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Menard County

Carrie Winkelmann

Carrie Winkelmann farms with her husband, Kyle, raising corn and soybeans. Carrie also works as an agriculture literacy coordinator for Sangamon-Menard Extension.


We finally got rain last week on every field as previous rains have been really spotty. With the rain came some wind. Some corn got blown down, but not broken. The rain means fungicide applications will be foremost in people’s thoughts, but the grain markets won’t help make that an easy decision. Corn is almost ready to start shooting tassels. Soybeans in the area look good, but I think almost every non-dicamba bean in the county has some measure of damage. I have seen a lot of leaf curl and not just in soybeans. My green beans, maple tree saplings and pots of impatients have all been hit.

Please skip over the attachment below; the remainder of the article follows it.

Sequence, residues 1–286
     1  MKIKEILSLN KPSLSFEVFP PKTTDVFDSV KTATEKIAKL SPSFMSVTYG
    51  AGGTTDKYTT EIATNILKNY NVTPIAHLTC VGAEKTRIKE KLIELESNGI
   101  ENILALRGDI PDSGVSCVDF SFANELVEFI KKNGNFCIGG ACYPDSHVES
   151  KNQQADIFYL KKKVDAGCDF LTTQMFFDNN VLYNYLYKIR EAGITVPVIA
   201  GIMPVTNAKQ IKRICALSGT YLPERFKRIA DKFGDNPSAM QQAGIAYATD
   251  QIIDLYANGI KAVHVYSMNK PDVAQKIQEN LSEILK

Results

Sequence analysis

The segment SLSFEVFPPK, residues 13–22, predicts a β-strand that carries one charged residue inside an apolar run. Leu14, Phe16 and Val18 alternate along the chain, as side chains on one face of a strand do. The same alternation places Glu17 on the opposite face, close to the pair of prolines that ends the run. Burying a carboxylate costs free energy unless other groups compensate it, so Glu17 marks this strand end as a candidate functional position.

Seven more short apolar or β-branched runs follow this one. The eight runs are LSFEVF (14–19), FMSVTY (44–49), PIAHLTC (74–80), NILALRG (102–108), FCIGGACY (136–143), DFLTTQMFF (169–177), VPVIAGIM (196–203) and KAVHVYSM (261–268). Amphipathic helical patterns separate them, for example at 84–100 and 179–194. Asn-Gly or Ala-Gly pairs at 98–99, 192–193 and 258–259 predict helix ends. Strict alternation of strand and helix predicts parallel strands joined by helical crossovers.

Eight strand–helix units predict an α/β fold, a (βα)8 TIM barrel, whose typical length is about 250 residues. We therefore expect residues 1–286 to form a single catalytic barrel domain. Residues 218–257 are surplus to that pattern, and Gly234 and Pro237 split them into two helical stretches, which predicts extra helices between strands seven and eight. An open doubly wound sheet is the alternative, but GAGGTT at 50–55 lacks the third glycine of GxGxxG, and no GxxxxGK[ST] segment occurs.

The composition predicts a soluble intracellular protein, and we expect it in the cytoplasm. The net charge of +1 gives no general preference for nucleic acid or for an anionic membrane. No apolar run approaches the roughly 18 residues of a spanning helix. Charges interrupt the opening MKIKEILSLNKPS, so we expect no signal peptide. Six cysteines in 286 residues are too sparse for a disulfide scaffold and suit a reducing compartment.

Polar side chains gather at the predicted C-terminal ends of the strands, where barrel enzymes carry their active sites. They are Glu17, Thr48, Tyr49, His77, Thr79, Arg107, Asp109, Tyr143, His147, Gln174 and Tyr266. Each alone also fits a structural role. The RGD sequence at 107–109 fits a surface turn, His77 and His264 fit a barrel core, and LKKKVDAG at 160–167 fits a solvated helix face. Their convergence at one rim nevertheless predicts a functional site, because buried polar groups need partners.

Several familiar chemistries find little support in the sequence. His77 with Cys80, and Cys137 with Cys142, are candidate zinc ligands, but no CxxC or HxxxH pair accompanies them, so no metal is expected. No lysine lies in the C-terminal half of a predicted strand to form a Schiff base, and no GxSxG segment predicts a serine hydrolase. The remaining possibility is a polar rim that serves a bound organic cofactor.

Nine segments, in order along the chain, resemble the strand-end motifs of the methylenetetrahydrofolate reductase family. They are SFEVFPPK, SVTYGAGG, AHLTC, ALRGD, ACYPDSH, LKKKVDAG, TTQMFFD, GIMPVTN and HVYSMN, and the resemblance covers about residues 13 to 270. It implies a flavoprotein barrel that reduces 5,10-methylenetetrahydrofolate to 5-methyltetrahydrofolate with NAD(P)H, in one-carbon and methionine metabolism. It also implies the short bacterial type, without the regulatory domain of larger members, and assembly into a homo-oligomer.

No report


There has been more haying done this week. The weather has been good for it. We haven’t had any rain for two weeks. We are unloading and hauling corn out of bins. Weed and insect pressure has been normal and under control. I saw my first Japanese beetle. Corn really greened up when it hit that urea, and the beans are really looking good.


We received a much-needed 1.8 inches of rain this week, which was perfectly timed to activate the urea we spread. Some things go right every once in a while! I missed last week’s article and had wanted to say that a lot of hay was down and baled last week. Corn is really growing, and we are going to have to put on drops for the remainder of the corn herbicide. Dealing with some Callisto drift damage on beans that will require a replant.